YL Blog #28: Alliance Thinking About Deterrence in the Pacific Islands Region

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Introduction

When discussions regarding strategic competition between the United States and China invariably turn to potential sites or circumstances for military confrontation — if not deterring conflict in the first instance — few analysts or policymakers would nominate the Pacific Islands region (PIR) as a priority theatre. Yet it is fast becoming “a strategic frontline in a multi-nation contest for power and influence” in the Indo-Pacific, not least in the scheme of Great Power competition. Substantial analytical and journalistic reporting in recent years has been devoted to examining Chinese and US competition for regional political and economic influence. Questions over security and deterrence, however, have so far largely escaped closer analysis, even though there are significant mid-term “military and geopolitical advantages” at stake.

For the US, there is a growing need to consider these matters with greater urgency, not least considering that one of its closest treaty allies—Australia—is a resident power in the PIR. On the one hand, Australia is both advantageously and perilously located on the frontline of a relatively new theatre of strategic competition. On the other hand, the US-Australia Alliance has not been required to grapple with questions of deterrence and defense against powerful adversaries in the PIR for many years. Notwithstanding a long history of military cooperation, the PIR’s unique geography, complex geopolitical character and growing Chinese presence collectively present a new challenge for the US-Australia Alliance, and the serious chance that China could become a resident military power in the PIR should prompt a serious rethink of what collective regional deterrence should looks like in a new geostrategic context.

The Mismatch Between Interests and Resourcing

Historically, US regional interests have been most acute where Washington possesses sovereign territories or enjoys access, primarily across the northern arc of the PIR. Since the 19th century, locations across the PIR’s north—Hawaii, Guam, the Compact of Free Association States, and others—have helped sustain American commercial and political interests in Asia, while since the end of World War II, a robust regional military presence has allowed the US to maintain a favorable regional balance of power, protecting the freedom of movement of goods, ideas, and—should needs arise—American and/or allied forces to regional flash-points. Possession of or access to Pacific territories has also allowed America to deny these areas to potentially hostile powers who might seek to threaten the US homeland. Such concerns have largely lain dormant since Imperial Japan’s defeat in September 1945, but have risen again in the wake of China’s rise.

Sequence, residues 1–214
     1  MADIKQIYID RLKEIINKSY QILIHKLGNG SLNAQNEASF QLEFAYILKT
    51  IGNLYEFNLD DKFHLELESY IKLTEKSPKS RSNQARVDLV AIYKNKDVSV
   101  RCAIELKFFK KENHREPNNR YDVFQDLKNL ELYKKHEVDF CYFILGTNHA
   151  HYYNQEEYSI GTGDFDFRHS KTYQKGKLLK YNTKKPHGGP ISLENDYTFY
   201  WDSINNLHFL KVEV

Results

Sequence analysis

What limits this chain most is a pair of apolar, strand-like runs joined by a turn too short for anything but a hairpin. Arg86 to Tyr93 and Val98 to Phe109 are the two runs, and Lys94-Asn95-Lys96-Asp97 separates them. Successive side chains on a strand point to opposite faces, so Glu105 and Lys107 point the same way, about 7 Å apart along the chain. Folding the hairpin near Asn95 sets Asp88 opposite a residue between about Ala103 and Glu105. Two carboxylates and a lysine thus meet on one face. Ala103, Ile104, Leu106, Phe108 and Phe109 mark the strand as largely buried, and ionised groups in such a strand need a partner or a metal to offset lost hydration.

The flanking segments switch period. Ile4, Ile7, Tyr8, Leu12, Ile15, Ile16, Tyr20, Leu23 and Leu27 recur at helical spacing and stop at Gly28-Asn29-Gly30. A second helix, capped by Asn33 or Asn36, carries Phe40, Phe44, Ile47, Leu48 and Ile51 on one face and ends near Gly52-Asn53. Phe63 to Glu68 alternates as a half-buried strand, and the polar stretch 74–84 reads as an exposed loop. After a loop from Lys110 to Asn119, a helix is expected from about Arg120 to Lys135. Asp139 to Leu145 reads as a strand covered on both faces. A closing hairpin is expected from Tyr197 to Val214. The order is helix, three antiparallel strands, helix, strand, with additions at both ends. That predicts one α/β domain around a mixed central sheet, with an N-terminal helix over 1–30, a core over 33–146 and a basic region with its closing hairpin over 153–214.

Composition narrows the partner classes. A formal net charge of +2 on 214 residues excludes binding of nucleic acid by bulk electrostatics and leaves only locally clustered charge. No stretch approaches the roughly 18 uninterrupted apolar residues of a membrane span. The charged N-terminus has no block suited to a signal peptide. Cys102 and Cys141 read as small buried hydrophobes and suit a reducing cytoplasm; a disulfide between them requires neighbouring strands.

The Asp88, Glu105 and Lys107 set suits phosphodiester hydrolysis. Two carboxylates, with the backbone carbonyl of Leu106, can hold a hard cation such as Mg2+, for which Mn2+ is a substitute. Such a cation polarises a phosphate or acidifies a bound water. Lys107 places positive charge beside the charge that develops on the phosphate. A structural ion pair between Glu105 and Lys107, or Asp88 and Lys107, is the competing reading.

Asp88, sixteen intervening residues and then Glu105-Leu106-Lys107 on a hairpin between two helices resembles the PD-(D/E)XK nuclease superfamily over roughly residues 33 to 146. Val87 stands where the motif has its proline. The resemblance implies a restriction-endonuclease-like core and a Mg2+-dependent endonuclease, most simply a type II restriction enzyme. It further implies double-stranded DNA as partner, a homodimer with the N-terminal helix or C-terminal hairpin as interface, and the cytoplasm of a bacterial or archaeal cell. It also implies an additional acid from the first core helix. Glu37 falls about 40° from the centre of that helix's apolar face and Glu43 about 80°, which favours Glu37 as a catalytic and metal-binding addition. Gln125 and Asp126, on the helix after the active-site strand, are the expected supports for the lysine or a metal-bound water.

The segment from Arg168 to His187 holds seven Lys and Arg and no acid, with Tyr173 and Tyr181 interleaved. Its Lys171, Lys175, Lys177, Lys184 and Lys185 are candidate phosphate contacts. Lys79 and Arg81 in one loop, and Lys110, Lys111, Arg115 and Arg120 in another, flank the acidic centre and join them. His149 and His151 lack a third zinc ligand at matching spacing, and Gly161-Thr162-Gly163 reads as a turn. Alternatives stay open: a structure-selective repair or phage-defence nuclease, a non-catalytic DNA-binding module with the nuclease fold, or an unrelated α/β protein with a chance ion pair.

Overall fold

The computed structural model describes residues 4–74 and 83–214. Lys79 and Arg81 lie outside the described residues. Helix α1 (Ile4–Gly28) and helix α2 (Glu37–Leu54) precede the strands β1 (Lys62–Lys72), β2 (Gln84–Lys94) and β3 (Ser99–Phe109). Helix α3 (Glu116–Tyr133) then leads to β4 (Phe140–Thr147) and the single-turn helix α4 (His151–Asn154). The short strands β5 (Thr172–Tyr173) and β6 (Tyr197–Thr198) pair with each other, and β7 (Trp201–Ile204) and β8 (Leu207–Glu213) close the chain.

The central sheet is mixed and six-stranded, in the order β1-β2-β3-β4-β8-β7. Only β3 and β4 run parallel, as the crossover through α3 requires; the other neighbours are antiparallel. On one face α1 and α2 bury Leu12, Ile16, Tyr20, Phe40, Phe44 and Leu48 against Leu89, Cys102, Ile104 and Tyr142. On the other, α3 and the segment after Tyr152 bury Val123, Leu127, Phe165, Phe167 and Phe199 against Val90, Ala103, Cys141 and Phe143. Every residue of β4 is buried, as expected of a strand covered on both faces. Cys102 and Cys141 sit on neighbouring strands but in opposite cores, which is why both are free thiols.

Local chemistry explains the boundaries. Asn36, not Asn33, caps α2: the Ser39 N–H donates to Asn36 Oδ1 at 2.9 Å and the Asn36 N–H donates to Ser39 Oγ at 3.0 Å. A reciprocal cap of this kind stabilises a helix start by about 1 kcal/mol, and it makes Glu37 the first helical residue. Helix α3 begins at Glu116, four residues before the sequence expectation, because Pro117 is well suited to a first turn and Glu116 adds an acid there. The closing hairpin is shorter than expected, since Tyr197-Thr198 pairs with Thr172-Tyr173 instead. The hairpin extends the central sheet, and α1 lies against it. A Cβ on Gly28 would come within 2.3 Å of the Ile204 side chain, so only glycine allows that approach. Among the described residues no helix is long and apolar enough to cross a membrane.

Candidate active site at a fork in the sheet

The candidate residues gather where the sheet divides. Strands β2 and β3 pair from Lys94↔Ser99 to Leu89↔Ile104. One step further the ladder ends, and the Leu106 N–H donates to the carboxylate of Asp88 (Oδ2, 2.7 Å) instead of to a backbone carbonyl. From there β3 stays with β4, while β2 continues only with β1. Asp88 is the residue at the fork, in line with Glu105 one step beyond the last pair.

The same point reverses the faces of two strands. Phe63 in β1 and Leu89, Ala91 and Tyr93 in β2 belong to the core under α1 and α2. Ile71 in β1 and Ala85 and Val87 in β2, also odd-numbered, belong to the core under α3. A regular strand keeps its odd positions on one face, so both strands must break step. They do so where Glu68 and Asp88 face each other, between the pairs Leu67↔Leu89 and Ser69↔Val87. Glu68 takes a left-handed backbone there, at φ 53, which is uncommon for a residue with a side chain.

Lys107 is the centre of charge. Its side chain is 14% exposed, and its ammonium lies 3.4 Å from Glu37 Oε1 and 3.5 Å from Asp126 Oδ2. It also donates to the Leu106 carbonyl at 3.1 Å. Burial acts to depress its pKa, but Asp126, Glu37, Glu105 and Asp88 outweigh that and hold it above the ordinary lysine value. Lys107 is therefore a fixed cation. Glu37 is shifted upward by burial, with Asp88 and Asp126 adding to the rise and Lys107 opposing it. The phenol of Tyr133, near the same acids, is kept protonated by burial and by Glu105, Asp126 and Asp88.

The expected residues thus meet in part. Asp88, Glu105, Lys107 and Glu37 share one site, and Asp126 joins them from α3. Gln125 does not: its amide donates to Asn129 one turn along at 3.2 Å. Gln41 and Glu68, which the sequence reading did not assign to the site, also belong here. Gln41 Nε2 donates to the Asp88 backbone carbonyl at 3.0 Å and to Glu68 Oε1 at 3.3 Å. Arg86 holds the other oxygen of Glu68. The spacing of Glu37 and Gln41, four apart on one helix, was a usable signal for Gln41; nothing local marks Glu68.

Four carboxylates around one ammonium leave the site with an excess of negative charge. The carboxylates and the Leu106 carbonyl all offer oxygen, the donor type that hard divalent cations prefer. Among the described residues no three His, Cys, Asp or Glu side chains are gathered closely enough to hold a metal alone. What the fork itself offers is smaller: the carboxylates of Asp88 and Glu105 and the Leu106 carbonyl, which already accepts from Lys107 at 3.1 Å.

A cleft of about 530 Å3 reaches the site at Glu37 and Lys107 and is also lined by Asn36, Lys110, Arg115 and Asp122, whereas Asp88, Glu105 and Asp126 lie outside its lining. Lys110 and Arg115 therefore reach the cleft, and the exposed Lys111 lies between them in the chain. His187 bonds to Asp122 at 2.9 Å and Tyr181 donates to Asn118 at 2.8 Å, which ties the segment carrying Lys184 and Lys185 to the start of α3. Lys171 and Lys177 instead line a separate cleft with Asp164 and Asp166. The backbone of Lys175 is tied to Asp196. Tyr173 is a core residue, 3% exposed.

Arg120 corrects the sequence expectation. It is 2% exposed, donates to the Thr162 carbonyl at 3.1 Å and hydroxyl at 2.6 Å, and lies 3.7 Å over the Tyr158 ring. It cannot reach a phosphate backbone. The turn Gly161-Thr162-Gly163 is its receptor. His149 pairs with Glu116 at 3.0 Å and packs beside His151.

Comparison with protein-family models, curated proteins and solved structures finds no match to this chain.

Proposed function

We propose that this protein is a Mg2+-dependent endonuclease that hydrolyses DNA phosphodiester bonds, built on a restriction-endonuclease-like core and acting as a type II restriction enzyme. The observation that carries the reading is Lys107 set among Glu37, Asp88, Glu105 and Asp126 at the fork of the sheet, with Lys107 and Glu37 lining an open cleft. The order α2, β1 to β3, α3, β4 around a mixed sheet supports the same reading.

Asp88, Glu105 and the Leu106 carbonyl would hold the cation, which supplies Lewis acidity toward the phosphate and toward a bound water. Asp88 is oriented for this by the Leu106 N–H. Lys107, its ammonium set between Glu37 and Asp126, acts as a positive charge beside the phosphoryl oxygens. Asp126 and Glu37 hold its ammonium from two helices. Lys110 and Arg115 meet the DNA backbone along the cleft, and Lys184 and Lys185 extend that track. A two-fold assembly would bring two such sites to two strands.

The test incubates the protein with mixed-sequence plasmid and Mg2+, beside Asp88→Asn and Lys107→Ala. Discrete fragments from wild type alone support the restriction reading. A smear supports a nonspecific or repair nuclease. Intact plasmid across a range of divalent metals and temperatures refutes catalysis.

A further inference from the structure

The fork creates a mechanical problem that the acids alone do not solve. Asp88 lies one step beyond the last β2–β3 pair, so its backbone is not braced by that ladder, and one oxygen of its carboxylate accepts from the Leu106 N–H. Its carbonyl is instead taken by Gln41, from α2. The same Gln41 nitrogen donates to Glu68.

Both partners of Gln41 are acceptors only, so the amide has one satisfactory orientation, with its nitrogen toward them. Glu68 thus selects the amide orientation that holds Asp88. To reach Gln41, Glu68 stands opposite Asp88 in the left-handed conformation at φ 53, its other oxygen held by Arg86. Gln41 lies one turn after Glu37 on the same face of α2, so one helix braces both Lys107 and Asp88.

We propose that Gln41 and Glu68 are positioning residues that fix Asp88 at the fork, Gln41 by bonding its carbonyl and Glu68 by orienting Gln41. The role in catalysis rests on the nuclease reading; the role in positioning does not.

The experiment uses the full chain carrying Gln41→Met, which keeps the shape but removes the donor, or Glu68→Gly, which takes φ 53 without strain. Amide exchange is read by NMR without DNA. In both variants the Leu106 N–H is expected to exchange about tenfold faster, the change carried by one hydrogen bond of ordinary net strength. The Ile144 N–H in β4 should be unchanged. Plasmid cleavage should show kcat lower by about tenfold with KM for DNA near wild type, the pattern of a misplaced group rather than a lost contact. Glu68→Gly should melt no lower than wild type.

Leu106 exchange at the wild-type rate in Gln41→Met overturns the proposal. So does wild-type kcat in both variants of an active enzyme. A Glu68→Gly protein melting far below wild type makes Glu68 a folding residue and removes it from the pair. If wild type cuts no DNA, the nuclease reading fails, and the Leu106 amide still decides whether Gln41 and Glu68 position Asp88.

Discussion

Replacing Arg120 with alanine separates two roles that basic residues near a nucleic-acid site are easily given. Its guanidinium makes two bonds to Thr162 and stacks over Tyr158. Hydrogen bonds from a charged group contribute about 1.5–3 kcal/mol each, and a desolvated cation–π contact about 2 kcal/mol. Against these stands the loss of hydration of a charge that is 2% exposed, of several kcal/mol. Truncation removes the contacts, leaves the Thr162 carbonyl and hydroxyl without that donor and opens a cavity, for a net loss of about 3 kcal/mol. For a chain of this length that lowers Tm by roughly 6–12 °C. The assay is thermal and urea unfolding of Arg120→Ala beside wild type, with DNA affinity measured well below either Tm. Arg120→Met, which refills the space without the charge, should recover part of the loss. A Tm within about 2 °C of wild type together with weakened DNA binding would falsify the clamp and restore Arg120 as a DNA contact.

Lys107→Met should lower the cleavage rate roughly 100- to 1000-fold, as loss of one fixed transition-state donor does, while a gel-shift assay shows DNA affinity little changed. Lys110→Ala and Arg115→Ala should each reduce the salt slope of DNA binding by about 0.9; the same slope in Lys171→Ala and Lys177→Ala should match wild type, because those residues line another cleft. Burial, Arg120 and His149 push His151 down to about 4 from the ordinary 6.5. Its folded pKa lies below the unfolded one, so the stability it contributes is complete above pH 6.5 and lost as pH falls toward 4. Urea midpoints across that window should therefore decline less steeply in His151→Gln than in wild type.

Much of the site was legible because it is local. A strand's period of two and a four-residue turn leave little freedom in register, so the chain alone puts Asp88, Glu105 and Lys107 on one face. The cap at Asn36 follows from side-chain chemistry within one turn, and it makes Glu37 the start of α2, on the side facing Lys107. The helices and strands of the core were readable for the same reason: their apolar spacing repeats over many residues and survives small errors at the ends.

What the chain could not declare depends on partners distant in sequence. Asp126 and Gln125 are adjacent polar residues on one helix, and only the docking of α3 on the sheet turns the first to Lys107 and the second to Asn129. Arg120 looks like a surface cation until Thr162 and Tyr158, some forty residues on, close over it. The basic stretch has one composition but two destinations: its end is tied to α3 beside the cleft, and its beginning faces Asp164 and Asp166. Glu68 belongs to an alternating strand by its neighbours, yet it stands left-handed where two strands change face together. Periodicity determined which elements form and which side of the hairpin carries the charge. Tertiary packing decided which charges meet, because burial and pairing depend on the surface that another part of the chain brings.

In fact, many argue that a growth in China’s influence in the PIR has occurred while Washington has been asleep at the wheel. For the purposes of this paper, America’s failure to adequately invest in regional security initiatives and local US force posture are of primary concern. The Obama Administration’s ‘Rebalance to Asia’ did include some Pacific-relevant initiatives such as increasing aid, trade and investment links with the region, alongside the stated goal of shifting the bulk of US forces (including 60% of naval forces) into the Asia-Pacific by 2020. However, efforts to recalibrate regional force posture occurred in parallel with a general reduction in global force posture, meaning that US Pacific forces have essentially “remained static” since the Rebalance was announced. It is also unclear whether the administration of President Donald Trump regards the region as strategically important. Notwithstanding the adoption of the Indo-Pacific Strategy to address China’s regional designs, there is little in the way of official documentation that clarifies Washington’s core security interests in the PIR, or that sets forth a convincing strategy for addressing the challenges posed by China there. The PIR did not rate a single mention in the administration’s National Defense Strategy, while subsequent Department of Defense and Department of State documents outlining the Indo-Pacific Strategy read largely as lists of minor achievements and initiatives rather than long-term diplomatic or military blueprints for addressing pressing strategic challenges.

Symptomatic of America’s broader Indo-Pacific budgetary shortfall, US military assistance to the PIR has been negligible compared with investments made elsewhere, namely in the Middle East. In 2018, for example, the entire PIR received a quarter (approx. $1 million) of the International Military Education and Training funding extended to Jordan alone (approx. $4 million). Nor have Pacific Island states typically received much in the way of targeted Foreign Military Financing, funding which has typically fallen under an ill-defined ‘regional’ category. Notwithstanding some encouraging signs in the FY20 National Defense Authorization Act—including expansion of the Indo-Pacific Maritime Security Initiative to include the PIR, $1.5 billion for Indo-Pacific security initiatives under ARIA, and a directive for US Defense and Intelligence authorities to compile a report on “foreign military activities in Pacific Island countries”—there remains much for the US to do to step-up its security footprint in the PIR consistent with its identification of the Indo-Pacific as its priority theatre.